Paul E. McKenney (paulmck) wrote,
Paul E. McKenney

When is it a good idea to use a reader-writer lock?

Reader-writer locks can certainly cause problems if used carelessly, the problems including cache thrashing, write-side contention, and poor scaling. But it is a rare tool that does not have some jobs that it is good for, so it is reasonable to ask what types of jobs favor reader-writer locking.

First, it is important to note that if the reader-writer lock is used sufficiently infrequently, its overhead cannot possibly cause too much trouble. On most systems, if the critical sections are short and if the lock is not acquired more than a few tens of thousands of times per second, there should be no problem. On the other hand, if the lock must be acquired millions of times per second, you are likely to need to do something else. This “something else” might be partitioning the data protected by the reader-writer lock (thus reducing the per-lock acquisition frequency), or it might be some other tool. (Yes, yes, I might be expected to suggest RCU, and I might well do so, but reference counting, exclusive locks, and atomic operations are also possibilities.)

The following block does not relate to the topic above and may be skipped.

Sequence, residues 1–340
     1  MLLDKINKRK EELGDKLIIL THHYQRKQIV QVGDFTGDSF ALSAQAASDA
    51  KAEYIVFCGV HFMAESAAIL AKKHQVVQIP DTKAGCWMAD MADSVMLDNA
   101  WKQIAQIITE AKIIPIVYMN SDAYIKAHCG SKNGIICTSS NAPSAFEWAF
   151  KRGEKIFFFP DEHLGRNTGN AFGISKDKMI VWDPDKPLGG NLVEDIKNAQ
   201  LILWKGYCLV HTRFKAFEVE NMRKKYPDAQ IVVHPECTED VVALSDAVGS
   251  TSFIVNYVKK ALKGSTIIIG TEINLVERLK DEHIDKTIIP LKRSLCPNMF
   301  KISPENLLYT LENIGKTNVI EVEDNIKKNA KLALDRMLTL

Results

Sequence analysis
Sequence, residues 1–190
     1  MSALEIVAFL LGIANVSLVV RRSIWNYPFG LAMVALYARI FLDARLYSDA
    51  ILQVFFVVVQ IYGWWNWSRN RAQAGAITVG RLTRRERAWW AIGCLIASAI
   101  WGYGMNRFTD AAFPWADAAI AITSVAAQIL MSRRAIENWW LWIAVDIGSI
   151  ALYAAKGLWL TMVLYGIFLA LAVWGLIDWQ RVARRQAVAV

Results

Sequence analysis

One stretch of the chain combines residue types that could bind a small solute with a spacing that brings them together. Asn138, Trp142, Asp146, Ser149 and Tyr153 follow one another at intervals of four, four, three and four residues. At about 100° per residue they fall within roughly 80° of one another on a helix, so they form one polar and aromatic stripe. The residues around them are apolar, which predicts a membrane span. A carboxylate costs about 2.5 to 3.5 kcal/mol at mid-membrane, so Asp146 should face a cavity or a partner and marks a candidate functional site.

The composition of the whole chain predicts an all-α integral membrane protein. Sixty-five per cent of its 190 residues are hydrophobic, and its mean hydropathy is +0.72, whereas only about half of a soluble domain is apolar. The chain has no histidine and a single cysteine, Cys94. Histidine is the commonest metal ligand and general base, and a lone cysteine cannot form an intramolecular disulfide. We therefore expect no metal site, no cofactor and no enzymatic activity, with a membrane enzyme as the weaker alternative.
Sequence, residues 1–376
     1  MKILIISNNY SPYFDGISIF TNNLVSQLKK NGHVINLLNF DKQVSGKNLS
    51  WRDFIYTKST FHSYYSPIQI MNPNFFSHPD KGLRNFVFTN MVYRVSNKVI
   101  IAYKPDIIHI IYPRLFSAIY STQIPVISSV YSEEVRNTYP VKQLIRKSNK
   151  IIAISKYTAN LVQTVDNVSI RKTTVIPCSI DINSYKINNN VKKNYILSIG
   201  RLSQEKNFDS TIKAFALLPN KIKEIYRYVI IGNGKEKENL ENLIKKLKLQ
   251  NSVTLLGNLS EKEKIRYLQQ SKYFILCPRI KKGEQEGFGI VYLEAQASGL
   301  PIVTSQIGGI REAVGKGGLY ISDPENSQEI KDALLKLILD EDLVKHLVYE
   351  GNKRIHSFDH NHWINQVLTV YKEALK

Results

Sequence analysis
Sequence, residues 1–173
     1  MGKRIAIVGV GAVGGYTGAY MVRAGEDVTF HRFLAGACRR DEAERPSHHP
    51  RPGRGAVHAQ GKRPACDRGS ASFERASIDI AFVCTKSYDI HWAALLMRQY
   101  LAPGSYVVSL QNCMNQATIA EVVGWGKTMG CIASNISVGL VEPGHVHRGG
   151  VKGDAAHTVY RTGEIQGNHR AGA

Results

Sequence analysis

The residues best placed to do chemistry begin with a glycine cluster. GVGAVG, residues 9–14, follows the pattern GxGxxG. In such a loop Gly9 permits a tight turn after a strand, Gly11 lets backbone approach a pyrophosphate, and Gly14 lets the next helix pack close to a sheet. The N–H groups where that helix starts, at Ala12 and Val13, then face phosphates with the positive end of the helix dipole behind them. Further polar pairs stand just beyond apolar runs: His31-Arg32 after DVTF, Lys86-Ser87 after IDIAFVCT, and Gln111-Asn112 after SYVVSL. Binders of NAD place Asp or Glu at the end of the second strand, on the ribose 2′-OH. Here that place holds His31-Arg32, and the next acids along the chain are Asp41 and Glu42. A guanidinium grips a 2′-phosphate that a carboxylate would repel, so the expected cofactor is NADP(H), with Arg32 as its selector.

If the reader-writer lock is primarily read-acquired, and if it is read-held for a significant period of time, then reader-writer locking can again work quite well. However, the number of acquisitions per unit time is still important, and this number often rises with increasing numbers of CPUs. This effect can be seen in the following graph:

This graph was generated on a 64-core Power 5 system with two hardware threads per core for 128 hardware threads total. Each thread repeatedly:

  1. read-acquired a pthread_rwlock_t,
  2. took a fixed number of passes through a tight loop, and
  3. released the rwlock_t.

In the “1K” trace, this fixed number of passes was 1,000, in the “10K” it was 10,000, and so on up to the “100M” trace, where the fixed number of passes was 100 million. Each point is computed by taking the ratio of the acquisitions per unit time for N threads divided by N times the acquisitions per unit time for a single thread. Ideal scaling would give 1.0.

As you can see, adding CPUs eventually causes performance to suffer, and the shorter the critical section, the greater the degree of suffering inflicted.

So, reader-writer locking can be the right tool for read-mostly jobs, at least when acquired sufficiently infrequently or if the read-side critical sections are sufficiently long. Just keep in mind that the value of “sufficiently” varies with the number of CPUs!
Tags: locking, performance, scalability

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